It has long been settled law that employers proposing to dismiss as redundant 20 or more employees at one establishment within a period of 90 days or less are required to inform and collectively consult with affected employees, under the provisions of section 188(1) Trade Union and Labour Relations (Consolidation) Act 1992 (known as TULRCA).
It has been determined in an earlier case that by limiting the requirement to inform and consult to a single establishment proposing to make 20 or more redundancies (rather than 20 or more within an entire organisation, regardless of location), TULRCA conflicts with the requirements of the EU Collective Redundancies Directive, which it was intended to implement. However, until recently Judges have ruled that it was not possible to read TULRCA purposively to make it compatible with the Directive.
Under TULRCA, if collective consultation is required but not instigated and/or the required information is not provided, the employer can be liable to pay up to 90 days gross pay per employee as a protective award.
Tribunal claim for protective awards
An important case has now changed the approach that employers must take in large scale redundancies.
Woolworths & Ethel Austin were notable casualties of the economic downturn; both went into administration and closed down very quickly. Mass redundancies followed, without any collective consultation having taken place. Protective awards were subsequently awarded and paid only to employees working at individual stores and office locations with 20 or more employees, whilst those employees at stores of fewer than 20 received no protective award.
As both companies had gone into administration, the protective awards were paid out of the NIF (National Insurance Fund), meaning that they were effectively paid out of public funds.
The Union of Shop, Distributive and Allied Workers, (USDAW) appealed to the EAT in both cases on the basis that, to comply with the Directive, TULRCA had to be read differently and that protective awards were also due to employees who had worked at stores with fewer than 20 employees.
Concerningly for employers, the Secretary of State did not contest the appeal on behalf of the Government, due to what the EAT suggested was a fundamental misunderstanding of the case at hand and the consequences of it.
The EAT considered previous House of Lords rulings on how courts can interpret UK legislation to make it compatible with EU Directives. It was clear from these rulings that the courts have jurisdiction to completely add or remove words in order to make laws compatible.
According to the EAT, TULRCA should never have been drafted to restrict the collective consultation requirement to single establishments. It therefore decided that removing the wording ‘at one establishment’ from section 188 was simply the most practical and straightforward way to instigate the necessary correction to make it compatible with the requirements of the Directive.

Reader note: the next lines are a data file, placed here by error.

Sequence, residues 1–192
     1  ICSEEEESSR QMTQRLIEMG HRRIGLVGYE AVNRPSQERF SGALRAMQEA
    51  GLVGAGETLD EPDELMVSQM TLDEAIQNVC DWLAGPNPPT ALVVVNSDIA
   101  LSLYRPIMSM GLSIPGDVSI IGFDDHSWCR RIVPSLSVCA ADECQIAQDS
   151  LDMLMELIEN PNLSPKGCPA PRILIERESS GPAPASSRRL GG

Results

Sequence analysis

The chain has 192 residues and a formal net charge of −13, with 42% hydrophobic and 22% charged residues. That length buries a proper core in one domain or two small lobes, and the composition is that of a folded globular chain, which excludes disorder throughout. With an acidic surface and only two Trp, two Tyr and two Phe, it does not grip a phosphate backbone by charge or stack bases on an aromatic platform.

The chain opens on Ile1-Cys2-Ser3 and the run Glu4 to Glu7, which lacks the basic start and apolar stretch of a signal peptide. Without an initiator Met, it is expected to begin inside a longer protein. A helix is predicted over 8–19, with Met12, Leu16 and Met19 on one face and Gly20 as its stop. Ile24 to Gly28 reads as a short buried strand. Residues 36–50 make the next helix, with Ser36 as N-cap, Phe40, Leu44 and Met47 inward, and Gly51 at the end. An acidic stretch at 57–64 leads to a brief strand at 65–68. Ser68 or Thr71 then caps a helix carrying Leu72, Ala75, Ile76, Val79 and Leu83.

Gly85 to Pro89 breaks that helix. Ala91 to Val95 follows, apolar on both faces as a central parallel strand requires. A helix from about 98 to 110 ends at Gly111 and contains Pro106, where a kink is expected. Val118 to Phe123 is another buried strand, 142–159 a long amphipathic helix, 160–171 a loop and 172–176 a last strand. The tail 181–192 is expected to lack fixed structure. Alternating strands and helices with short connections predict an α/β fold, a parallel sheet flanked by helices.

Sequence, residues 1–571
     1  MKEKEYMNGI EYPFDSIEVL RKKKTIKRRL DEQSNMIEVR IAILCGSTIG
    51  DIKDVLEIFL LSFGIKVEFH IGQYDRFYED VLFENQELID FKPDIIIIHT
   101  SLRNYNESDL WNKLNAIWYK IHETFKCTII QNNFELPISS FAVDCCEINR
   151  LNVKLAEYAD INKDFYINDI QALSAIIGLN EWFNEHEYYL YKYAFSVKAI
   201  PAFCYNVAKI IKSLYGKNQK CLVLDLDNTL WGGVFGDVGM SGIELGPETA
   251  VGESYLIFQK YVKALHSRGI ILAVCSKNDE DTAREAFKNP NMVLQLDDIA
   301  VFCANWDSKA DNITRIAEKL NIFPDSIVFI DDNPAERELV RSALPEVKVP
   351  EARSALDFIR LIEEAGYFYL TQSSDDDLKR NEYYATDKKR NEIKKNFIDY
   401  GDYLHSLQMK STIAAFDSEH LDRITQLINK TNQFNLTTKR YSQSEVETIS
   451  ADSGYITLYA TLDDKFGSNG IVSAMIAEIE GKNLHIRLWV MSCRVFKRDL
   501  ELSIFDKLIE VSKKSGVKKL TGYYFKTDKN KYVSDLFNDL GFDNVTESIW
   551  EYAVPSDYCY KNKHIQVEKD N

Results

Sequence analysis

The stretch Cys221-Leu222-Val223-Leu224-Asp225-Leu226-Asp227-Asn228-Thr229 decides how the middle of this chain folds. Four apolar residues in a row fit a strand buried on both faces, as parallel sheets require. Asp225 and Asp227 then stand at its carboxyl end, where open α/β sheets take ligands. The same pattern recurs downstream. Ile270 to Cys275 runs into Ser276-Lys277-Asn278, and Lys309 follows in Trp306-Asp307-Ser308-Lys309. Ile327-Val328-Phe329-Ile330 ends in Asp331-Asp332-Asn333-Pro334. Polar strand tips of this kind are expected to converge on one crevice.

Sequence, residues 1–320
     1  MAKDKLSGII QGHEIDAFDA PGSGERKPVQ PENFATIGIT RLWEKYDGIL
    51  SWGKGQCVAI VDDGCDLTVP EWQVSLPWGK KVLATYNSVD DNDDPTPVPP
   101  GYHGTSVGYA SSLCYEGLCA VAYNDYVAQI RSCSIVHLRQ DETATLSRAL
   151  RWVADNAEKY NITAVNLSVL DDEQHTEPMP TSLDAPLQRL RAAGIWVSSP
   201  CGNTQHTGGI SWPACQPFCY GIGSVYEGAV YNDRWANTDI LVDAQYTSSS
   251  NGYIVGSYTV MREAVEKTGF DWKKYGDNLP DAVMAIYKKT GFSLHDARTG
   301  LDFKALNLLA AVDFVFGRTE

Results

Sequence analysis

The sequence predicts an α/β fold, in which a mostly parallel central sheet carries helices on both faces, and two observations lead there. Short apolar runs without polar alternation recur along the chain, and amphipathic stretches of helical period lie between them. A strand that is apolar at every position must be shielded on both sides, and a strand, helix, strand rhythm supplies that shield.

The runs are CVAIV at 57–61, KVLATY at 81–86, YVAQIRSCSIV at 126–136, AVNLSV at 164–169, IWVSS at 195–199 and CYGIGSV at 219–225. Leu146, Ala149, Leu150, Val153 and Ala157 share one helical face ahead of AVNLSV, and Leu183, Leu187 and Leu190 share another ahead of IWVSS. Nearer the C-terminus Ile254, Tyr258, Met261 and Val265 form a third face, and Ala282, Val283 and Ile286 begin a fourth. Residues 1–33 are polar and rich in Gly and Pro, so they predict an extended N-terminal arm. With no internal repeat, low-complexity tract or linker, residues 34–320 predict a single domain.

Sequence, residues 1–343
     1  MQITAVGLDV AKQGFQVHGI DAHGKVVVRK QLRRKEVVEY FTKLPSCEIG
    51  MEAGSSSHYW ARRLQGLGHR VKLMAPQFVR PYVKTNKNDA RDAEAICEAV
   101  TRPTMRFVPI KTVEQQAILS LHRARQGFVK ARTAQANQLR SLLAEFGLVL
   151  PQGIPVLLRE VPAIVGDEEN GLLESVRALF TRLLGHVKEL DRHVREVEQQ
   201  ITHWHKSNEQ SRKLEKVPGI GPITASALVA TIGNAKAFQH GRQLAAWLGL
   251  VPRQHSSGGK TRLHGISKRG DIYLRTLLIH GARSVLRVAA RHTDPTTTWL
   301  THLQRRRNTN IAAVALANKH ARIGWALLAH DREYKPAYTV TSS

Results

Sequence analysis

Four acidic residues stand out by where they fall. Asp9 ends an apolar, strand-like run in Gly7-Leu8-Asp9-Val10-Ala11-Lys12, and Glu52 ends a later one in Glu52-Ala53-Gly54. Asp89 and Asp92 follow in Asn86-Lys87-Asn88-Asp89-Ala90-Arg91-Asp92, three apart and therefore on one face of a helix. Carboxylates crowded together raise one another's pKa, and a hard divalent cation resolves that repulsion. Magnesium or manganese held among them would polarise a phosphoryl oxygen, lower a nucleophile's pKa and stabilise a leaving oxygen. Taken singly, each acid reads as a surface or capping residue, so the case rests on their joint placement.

As a result of the EAT’s decision, collective redundancy consultation must now be instigated if 20 or more redundancies are proposed in total throughout an employer’s UK business operations, in a period of 90 days or less, irrespective of the number of separate locations affected.
This case clearly has wide reaching ramifications for all employers, especially those with operations spread across the UK. Collective consultation and the provision of required information will now have to be carried out in advance of many more proposed redundancies than was previously the case, although it is very difficult to see how this will work in practice. The EAT’s ruling means that employers will need to find a way of tracking all potential redundancies throughout their sites, or face the risk of paying out large protective awards of up to 90 days’ pay for each dismissed employee.
The Secretary of State was criticised by the Judge for not contesting the hearing (an expensive error, as now the NIF will have to pay protective awards to around 4,400 redundant Woolworths and Ethel Austin employees). It has since been reported that the Government has lodged an application to appeal the decision, which is currently being considered by the EAT.
One suggested solution for employers is, in the absence of having a recognised trade union, the creation of a permanent elected employee body across all locations to provide the representatives needed for the provision of required information and collective consultation. However, the finer points of how such a scheme will work is something that each employer will have to consider carefully. Another more radical option for larger employers to consider might be a corporate re-structuring exercise to assign employees to regional subsidiaries.
From an employers point of view, subject to an appeal against the decision being successful, the only glimmer of light at the end of the collective redundancy tunnel is that a case on very similar facts in front of the Northern Irish Industrial Tribunal (Lyttle v Bluebird), has been referred to the ECJ on the question of what constitutes an ‘establishment’. This could well, eventually, result in a definitive resolution to this question, but a ruling will not be handed down for quite some time.
A copy of the full judgment can be found here.